Bass Guitar For Dummies
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The amplifier (or amp for short) is the unit that boosts the electronic signal of your bass guitar and sends it to the speaker, which takes the signal and converts it into sound. The speaker is just as important as the amp. In fact, if you don’t have a speaker attached to the amp, nobody will be able to hear you.

Guitarists can start out with a little 15-watt practice amp, but bassists don’t have this option, because low notes require a lot more power than high notes. So you need to practice a little fiscal irresponsibility when purchasing your amp: You need to spring for a larger, more expensive one.

A combo or separate amp and speaker?

The choice of combo or amp and speaker depends on whether you prefer to carry one large pack or a couple of medium-sized ones. You can amplify your bass in two basic ways:

  • With a separate amp and speaker: The amp and speaker come as two separate units and are connected via a speaker cable. The advantage of buying separate units is that you can get an amplifier from a company known for making good-quality amps and a speaker from one that specializes in speakers. Additionally, the separate amp and speaker are more powerful.

  • With a combo amp: A combo amp houses both the speaker and the amplifier in one unit, eliminating the need for a separate speaker. The combo amp is more portable than a separate amp and speaker. (You need to carry only one piece, as opposed to two.)

    [Credit: Photo by Steven Schlesinger]
    Credit: Photo by Steven Schlesinger

Start with a combo amp that has between 50 and 100 watts of power (it’ll run you anywhere from $200 to $1,000). That’s enough for practicing at home, rehearsing in the garage (get the car out first), and playing at the local pub.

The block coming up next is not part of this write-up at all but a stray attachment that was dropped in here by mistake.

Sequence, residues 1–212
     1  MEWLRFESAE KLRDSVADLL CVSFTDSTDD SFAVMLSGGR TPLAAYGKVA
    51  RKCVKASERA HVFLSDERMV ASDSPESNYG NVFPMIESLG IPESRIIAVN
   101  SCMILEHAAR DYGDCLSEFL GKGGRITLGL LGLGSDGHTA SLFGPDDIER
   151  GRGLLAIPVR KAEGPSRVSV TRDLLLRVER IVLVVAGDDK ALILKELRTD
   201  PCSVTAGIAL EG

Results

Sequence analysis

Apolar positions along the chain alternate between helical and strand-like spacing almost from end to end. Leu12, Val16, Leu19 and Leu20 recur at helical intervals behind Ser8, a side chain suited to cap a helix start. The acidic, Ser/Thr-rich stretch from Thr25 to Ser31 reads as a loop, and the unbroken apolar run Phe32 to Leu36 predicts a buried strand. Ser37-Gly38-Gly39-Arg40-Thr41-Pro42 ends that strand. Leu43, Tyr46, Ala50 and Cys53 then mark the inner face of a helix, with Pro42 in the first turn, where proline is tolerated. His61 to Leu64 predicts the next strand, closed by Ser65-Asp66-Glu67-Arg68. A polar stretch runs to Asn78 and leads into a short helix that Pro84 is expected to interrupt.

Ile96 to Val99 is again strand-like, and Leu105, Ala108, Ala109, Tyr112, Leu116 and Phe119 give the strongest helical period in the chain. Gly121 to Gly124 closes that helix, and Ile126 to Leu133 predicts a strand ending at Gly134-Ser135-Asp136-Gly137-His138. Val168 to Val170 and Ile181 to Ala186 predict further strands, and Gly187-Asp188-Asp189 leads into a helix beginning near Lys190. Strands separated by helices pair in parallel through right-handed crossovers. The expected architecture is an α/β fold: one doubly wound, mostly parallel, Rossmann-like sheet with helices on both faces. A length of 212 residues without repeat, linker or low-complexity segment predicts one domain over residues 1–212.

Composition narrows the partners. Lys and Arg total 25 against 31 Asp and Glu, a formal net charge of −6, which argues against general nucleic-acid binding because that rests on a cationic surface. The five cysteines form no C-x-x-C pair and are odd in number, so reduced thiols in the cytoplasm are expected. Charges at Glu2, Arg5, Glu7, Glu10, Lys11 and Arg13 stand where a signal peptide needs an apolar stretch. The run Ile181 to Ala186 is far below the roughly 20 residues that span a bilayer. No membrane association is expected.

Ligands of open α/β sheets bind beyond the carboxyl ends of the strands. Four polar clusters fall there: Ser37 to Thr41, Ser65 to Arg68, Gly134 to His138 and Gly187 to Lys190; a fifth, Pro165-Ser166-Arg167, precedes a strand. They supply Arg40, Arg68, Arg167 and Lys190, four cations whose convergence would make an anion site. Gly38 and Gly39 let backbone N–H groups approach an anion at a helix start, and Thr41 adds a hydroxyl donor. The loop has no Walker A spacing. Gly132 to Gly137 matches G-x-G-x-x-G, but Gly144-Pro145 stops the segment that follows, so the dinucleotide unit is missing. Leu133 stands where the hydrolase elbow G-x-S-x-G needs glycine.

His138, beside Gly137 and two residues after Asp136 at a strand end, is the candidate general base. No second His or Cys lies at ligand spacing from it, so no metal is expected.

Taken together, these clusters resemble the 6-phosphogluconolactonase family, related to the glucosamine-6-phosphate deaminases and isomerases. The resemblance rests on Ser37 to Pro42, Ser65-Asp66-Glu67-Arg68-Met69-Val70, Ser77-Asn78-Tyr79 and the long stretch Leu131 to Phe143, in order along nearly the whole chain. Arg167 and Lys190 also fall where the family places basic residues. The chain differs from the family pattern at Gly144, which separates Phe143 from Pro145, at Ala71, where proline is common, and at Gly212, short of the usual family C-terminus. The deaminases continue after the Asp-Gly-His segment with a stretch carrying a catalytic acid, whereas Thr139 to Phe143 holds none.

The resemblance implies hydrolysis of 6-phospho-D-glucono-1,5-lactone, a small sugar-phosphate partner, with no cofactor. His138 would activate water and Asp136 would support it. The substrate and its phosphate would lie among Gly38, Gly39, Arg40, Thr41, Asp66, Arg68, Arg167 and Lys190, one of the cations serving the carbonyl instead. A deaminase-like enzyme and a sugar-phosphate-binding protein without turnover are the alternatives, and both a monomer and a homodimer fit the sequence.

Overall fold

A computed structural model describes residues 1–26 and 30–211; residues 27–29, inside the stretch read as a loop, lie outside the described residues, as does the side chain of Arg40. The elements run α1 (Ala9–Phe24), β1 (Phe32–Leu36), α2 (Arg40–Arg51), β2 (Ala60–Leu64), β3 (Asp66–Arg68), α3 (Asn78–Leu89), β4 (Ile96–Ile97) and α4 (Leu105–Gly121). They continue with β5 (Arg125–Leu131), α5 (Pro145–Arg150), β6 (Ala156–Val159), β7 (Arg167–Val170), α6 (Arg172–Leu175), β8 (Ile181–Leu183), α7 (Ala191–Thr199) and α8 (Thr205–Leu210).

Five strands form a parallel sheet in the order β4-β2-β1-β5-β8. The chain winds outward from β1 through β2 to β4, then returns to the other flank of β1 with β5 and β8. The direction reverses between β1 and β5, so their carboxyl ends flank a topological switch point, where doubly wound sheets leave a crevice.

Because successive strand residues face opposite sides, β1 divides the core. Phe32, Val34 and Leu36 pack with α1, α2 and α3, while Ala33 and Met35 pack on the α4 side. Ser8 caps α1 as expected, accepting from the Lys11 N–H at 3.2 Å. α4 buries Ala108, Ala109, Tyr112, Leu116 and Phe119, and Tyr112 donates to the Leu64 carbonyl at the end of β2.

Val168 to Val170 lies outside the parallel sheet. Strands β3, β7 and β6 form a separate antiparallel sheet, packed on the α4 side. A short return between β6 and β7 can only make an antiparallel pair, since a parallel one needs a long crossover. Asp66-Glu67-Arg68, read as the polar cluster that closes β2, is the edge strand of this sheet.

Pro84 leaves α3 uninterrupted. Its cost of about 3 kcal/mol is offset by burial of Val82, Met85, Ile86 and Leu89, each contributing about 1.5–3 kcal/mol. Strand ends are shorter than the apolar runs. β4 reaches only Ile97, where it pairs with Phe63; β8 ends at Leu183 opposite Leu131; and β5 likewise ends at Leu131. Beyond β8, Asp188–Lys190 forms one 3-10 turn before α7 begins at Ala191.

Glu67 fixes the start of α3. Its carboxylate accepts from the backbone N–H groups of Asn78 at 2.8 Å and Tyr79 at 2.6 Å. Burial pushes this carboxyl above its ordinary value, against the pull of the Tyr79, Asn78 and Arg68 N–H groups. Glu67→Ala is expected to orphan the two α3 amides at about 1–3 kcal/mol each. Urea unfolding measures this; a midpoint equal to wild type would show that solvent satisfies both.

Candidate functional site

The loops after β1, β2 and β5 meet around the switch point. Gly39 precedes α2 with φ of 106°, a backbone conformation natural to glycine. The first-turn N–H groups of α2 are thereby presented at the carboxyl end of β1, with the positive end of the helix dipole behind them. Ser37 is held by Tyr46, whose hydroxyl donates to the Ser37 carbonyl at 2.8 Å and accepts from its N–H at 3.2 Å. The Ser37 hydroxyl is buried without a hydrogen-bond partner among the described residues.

If you start playing at bigger venues — parties and weddings, for example — go for a performance amp and speaker with at least 300 watts. Yes, they’re pricey (from $400 to $2,500 and beyond), but they’re well worth it. You want to feel the rumble, don’t you?

Solid state or tubes

When buying an amplifier, you have a choice between solid state and tube amplification. Here’s the lowdown on each:

  • Solid state amplification refers to technology that uses transistors and/or microchips for amplification.

  • Tube amplification refers to technology that uses vacuum tubes for amplification (like the red, glowing tubes in the back of old radios).

Selecting between solid state and tube amplification is a personal choice, although some people swear by one or the other. Try several different amps (using your bass) at a music store to see which sound you prefer; you’ll notice a subtle difference between the two. Bear in mind that solid state amps usually weigh less (often much less) than tube amps.

If you don’t have a strong preference for either solid state amps or tube amps, go for the solid state. It’s usually less expensive for comparable power and quality, and it requires less maintenance. (A tube amp needs to have its tubes replaced every couple of years.)